BIOFIN has also brought the concept of result-based budgeting (RBB) in biodiversity conservation, by piloting the RBB in Sao La protected area to enhance the efficiency and effectiveness of forest protection activities.
1. Piloting of Result-based budgeting for biodiversity conservation activities pursuant to State Budget Law 2015
The pilot aims to support a protected area to adopt result-based budgeting for conservation activities and projects.
2. Financial autonomy for national parks
The pilot works closely with Cuc Phuong national park to develop a plan to sustainably run the museum which contributes to biodiversity conservation and financial autonomy of the national park.
3. Design and implement a tourism fee system for Marine protected areas starting with Hon Cau Marine Protected Area
The objective of this solution is to develop a fee collection system and management for Hon Cau MPA. It is expected that the fee system is set up in Hon Cau and starts to generate revenues for the park within two years but also that it provides an example for the other marine parks to start to set up similar systems.
4. Development of procedures and standardized costs for result based budgeting and biodiversity monitoring and reporting in protected areas in Vietnam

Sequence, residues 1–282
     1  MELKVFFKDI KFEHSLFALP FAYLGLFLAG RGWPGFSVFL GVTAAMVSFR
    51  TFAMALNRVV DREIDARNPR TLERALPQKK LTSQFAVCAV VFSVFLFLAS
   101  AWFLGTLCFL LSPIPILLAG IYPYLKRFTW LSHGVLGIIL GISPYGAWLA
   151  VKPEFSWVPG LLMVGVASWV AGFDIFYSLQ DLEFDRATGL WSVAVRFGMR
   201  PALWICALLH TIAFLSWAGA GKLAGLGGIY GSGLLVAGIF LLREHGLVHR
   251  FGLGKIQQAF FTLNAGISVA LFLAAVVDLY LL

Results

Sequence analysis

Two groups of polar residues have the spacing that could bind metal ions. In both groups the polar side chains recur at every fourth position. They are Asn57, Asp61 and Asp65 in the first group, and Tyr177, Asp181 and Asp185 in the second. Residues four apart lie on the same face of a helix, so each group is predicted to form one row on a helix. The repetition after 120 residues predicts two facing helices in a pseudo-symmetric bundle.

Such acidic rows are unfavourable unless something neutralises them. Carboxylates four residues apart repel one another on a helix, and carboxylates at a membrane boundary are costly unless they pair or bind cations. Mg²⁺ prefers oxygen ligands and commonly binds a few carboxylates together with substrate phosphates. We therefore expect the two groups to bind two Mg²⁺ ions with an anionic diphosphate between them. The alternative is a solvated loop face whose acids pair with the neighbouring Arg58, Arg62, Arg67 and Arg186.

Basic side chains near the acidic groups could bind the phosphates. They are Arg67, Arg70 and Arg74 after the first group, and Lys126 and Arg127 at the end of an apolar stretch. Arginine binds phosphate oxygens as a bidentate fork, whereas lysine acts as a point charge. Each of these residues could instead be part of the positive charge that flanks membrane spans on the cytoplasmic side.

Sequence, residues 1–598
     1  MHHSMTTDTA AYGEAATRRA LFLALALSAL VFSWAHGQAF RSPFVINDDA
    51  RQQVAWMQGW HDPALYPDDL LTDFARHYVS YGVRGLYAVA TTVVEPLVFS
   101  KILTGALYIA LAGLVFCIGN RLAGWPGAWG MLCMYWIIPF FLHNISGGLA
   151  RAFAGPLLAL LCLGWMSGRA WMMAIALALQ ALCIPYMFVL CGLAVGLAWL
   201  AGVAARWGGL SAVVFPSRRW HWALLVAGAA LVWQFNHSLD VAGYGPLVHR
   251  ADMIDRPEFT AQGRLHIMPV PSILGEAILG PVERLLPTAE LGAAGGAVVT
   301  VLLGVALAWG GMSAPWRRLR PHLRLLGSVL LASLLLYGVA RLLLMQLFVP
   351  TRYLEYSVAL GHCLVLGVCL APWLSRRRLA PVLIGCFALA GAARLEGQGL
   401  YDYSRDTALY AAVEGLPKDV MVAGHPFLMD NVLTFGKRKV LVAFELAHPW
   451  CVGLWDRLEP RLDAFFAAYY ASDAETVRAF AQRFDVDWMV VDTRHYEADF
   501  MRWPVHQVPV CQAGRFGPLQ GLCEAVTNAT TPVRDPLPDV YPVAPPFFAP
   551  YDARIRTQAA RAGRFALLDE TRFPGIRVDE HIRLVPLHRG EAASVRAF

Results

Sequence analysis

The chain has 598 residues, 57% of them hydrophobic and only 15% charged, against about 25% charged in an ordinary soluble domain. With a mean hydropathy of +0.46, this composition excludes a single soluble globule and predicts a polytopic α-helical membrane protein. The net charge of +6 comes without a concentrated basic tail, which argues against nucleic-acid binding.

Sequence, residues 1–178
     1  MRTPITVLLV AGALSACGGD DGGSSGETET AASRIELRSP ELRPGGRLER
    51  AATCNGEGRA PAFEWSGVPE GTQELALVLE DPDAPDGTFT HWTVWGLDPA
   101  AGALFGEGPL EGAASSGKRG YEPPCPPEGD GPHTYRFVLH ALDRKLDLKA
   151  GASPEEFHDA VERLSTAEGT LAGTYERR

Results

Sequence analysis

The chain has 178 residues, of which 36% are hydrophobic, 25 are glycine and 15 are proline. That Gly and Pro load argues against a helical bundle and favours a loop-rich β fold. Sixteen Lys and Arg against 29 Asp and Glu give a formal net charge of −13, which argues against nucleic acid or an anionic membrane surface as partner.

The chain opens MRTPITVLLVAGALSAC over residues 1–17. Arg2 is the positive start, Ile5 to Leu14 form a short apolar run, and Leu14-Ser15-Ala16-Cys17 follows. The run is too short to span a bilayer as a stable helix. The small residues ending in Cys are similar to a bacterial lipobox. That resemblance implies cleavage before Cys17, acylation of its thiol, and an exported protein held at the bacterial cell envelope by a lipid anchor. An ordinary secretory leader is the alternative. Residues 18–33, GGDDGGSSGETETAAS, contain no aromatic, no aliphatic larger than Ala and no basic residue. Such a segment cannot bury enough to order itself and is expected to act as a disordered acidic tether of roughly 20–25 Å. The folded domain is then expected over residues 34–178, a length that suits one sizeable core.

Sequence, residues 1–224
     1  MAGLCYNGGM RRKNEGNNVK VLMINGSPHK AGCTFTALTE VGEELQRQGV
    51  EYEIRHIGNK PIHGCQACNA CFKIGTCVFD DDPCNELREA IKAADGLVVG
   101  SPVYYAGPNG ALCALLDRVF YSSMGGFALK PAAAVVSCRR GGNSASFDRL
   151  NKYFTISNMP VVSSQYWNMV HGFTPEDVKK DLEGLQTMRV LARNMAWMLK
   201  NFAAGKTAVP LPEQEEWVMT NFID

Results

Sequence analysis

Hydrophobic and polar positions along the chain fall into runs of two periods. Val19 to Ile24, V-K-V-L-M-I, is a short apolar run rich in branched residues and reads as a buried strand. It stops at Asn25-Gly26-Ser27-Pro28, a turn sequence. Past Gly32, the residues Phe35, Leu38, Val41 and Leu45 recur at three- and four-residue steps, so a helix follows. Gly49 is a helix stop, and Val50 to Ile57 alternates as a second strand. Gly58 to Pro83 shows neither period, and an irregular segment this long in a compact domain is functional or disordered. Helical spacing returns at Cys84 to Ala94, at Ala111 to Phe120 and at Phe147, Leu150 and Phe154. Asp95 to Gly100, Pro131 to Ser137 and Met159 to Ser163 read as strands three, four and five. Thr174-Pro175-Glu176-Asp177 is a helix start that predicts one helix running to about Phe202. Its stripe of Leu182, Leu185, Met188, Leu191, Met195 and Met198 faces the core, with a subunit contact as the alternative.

The objective of this solution is to develop standardized costs applicable for all PAs and relevant public organizations in Vietnam in biodiversity monitoring and reporting.
5. Implementation of Payment for Ecosystem Services in coastal/marine areas for policy recommendations in Viet Nam
The solution entails drawing up a plan for PES that addresses ecosystem gaps subject to offering opportunities for PES and defining and carrying out a relevant PES pilot. The plan implementation’s outcomes will lay the foundation for harnessing PES from other ecosystem services in Viet Nam, comprising an important resource for the financing of ecosystem conservation.
6. Design a financial mechanism for conservation in fishery co-management
The solution entails working with the community-based co-management models to find ways to increase the level of co-management funds and to promote their use to effectively foster conservation measures, therefore emphasizing inclusive conservation as an important agenda of the co-management model.
7. Carry out a feasibility study for a new user fee for coral ecosystem protection in Hon Yen Island, Phu Yen province
Hon Yen Island is about 20 km from Tuy Hoa City with rich biodiversity. Recent surveys show the biodiversity of Hon Yen Island is degrading due to over-exploitation and unsustainable practices. The solution entails working with the coral local community cooperative in evaluating the capacity of the island in receiving tourists, in proposing a tourism fee and a mechanism for managing the received tourism fee for conservation.